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# Kellen Asercion Lab 3 Writeup

last edited by 7 years, 6 months ago

A)

1a. How would you change the code to make the song play twice as fast?

The notes are played for 1000/(noteDurations).  If we change the 1000 to 500, or double each of the values in the noteDurations array, each note will be halved.  We also need to halve the delay time between notes in order to get the melody to play at truly twice the speed.

1b. What song is playing? ;-)

Star Wars main theme

B)

1a. What voltage level do you need to power your display?

5V

b. What was one mistake you made when wiring up the display? How did you fix it?

I didn't make any mistakes when wiring up the display.

c. What line of code do you need to change to make it flash your name instead of "Hello World"?

We would need to change the string in the line: lcd.print("hello, world!");

C)

1a) Post a copy of your new code in your lab writeup.

int sensorPin = A0;    // select the input pin for the potentiometer

int ledPin = 13;      // select the pin for the LED

int sensorValue = 0;  // variable to store the value coming from the sensor

int brightness = 0;   // LED brightness

void setup() {

// declare the ledPin as an OUTPUT:

pinMode(ledPin, OUTPUT);

}

void loop() {

// read the value from the sensor:

brightness = sensorValue/4; // Since brightness is between 0 and 255, divide the analog input by 4

analogWrite(ledPin, brightness);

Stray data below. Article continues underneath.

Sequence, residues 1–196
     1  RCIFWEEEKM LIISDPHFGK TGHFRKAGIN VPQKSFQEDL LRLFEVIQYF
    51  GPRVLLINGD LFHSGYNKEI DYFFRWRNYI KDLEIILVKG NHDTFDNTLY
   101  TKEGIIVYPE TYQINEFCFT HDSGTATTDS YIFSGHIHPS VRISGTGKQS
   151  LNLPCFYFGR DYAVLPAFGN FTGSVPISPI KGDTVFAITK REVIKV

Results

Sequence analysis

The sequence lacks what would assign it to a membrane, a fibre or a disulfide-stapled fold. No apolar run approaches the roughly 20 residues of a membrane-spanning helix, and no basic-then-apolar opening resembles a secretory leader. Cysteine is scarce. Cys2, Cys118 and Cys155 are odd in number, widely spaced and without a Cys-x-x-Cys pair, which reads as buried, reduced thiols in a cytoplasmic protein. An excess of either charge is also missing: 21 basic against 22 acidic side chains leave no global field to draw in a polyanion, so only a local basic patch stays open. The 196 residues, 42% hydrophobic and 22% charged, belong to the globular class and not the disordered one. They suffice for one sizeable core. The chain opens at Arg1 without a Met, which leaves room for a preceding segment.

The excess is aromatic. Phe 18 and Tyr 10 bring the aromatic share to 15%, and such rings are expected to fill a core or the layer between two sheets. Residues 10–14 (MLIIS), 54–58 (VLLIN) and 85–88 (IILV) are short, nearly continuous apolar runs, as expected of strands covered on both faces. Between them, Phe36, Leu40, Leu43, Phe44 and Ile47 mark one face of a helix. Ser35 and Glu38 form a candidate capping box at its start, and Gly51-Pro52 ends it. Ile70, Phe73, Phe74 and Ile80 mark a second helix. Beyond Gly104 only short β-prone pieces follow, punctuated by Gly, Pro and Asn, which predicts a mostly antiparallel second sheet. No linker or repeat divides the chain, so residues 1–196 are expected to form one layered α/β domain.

}

2a) What resistance do you see with a Multimeter when the sensor is flat? When it is bent?

2b) What kind of voltages should we expect for the Arduino analog pin based on the sensor resistance?

We created a voltage divider with our flex sensor and a 24k resistor.  Since our flex sensor's minimum resistance is about 20k, our max voltage is about 1.8V and our min voltage is about 1V.

2c) How does the range of the LED's brightness change compared to the potentiometer?

The brightness would be dimmer because of the increased resistance.

2d) Include a copy of your Lowly Multimeter code in your lab write-up.

// include the library code:

#include <LiquidCrystal.h>

// initialize the library with the numbers of the interface pins

LiquidCrystal lcd(12, 11, 5, 4, 3, 2);

int sensorPin = A0;

int sensorValue = 0;

void setup() {

// set up the LCD's number of columns and rows:

lcd.begin(16, 2);

lcd.print("Voltage");

}

void loop() {

float slope = -0.005285;

float intercept = 3.4207;

float voltage = slope*sensorValue + intercept;

// Print a message to the LCD.

lcd.setCursor(0,1);

lcd.print(voltage);

}

3a) What resistance values do you see from your force sensor?

70 kOhms at the start.  When depressed goes down to ~250 Ohms, when released goes back up to 10 kOhms.

3b) What kind of relationship does the resistance have as a function of force applied? (e.g., linear?)

I think it is some kind of exponential relationship.

3c) Include a copy of your FSR thumb wrestling code in your lab write-up.

// include the library code:

#include <LiquidCrystal.h>

// initialize the library with the numbers of the interface pins

LiquidCrystal lcd(12, 11, 5, 4, 3, 2);

int sensorPin_1 = A0;

int sensorPin_2 = A1;

int sensorValue_1 = 0;

int sensorValue_2 = 0;

void setup() {

// set up the LCD's number of columns and rows:

lcd.begin(16, 2);

lcd.print("P1            P2");

}

void loop() {

// Print a message to the LCD.

lcd.setCursor(0,1);

lcd.print(sensorValue_1);

lcd.setCursor(13,1);

lcd.print(sensorValue_2);

}

D)

For the digital timer I modified the thumb wrestling game to make it more fun.  The game is started by pressing a button.  Then there is some text explaining the rules and a countdown to the start of the game.  Players have 5 seconds to press the force sensors as hard as they can.  when time is up, the screen shows who won and that person's LED lights up.

Video of Timer